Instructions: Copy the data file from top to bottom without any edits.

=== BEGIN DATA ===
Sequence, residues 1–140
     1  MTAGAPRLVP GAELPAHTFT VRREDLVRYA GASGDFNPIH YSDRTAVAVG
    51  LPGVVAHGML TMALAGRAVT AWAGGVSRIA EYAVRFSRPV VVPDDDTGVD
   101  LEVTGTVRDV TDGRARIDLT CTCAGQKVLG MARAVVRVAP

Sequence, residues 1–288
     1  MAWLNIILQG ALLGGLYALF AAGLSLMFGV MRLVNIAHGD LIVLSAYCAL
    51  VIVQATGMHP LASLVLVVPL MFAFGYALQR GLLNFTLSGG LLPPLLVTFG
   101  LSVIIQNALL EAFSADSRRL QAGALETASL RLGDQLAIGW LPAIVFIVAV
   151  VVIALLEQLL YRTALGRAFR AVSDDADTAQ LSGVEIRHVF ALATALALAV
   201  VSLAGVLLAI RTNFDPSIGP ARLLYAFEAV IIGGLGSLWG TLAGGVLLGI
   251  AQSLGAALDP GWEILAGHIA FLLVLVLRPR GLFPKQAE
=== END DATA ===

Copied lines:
Sequence, residues 1–140
     1  MTAGAPRLVP GAELPAHTFT VRREDLVRYA GASGDFNPIH YSDRTAVAVG
    51  LPGVVAHGML TMALAGRAVT AWAGGVSRIA EYAVRFSRPV VVPDDDTGVD
   101  LEVTGTVRDV TDGRARIDLT CTCAGQKVLG MARAVVRVAP

Sequence, residues 1–288
     1  MAWLNIILQG ALLGGLYALF AAGLSLMFGV MRLVNIAHGD LIVLSAYCAL
    51  VIVQATGMHP LASLVLVVPL MFAFGYALQR GLLNFTLSGG LLPPLLVTFG
   101  LSVIIQNALL EAFSADSRRL QAGALETASL RLGDQLAIGW LPAIVFIVAV
   151  VVIALLEQLL YRTALGRAFR AVSDDADTAQ LSGVEIRHVF ALATALALAV
   201  VSLAGVLLAI RTNFDPSIGP ARLLYAFEAV IIGGLGSLWG TLAGGVLLGI
   251  AQSLGAALDP GWEILAGHIA FLLVLVLRPR GLFPKQAE